Our identities, or how we think about who we are, contribute in deeply meaningful ways to our life experiences and relationships. This course will introduce students to psychological theories of identity, with a particular focus on intersecting identities. Course readings, excerpts from popular films, and self-reflection will help us to understand what it means to have an identity, and how we negotiate the multiple identities we all have. Assigned essays as well as in-class writing and discussion will challenge students to think about the significance of gender, sexuality, race, and ethnicity in forming our complex selves. The reason we are working together this term is to help you to become college-level writers. I take this task seriously, and I hope you will too! I also hope that this class will be personally meaningful for you. I hope that you will learn about yourself as a person and as a writer. Writing is a cornerstone of intellectual development; it can help us to organize our thoughts, to think analytically and critically, to present our ideas, and to understand and solve problems. Regardless of the career or life path(s) you choose, you will be required to write in various genres throughout your life, and to be able to organize your thoughts, arguments, and evaluations through writing. Those who demonstrate good writing are likely to perform well in their courses and careers, and to submit successful applications for jobs and graduate or professional school programs. Learning to write requires a lot of practice. This class is designed to give you that practice and to encourage you to approach the reading and writing processes in more critical and creative ways than you may have in the past. You will work closely with your peers and the instructor to develop your voice as a writer through a series of formal and informal writing assignments and workshops. The following text will be required for this course, and will be available at Shaman Drum Bookstore (check online first for used copies!): Lunsford, A.A. (2005). The Everyday Writer (3rd edition). Boston: Bedford/ St. Martin's Press. Additional readings will be posted on this website. Tentative film viewings for the academic term include: 'Ma Vie en Rose" '8 Mile?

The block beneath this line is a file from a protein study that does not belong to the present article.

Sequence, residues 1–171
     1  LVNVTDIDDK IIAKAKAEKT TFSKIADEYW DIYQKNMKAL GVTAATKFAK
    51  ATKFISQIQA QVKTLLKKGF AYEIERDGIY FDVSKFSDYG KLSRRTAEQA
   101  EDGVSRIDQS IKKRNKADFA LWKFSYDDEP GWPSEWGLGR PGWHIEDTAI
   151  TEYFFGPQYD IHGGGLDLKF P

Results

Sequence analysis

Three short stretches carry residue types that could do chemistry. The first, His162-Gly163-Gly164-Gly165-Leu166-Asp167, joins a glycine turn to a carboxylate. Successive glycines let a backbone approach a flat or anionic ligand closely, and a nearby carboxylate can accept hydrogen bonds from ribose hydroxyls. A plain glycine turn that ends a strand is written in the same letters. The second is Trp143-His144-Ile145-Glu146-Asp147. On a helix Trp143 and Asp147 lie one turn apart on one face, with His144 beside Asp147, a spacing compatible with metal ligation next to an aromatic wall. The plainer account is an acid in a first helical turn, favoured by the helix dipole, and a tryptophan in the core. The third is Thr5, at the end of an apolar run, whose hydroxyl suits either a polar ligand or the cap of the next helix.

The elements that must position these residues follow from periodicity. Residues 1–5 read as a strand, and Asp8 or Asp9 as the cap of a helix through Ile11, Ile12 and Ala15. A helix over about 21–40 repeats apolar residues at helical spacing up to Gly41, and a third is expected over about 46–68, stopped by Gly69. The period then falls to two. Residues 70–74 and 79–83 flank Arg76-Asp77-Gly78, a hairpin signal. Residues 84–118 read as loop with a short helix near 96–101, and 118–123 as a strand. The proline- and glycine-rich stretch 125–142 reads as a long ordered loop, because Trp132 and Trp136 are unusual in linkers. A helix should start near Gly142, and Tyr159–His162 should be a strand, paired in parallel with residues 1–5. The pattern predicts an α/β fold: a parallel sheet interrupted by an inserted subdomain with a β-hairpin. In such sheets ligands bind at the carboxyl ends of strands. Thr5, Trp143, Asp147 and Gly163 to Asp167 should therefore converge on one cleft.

'Y Tu Mama Tambien?
'Hable con Ella?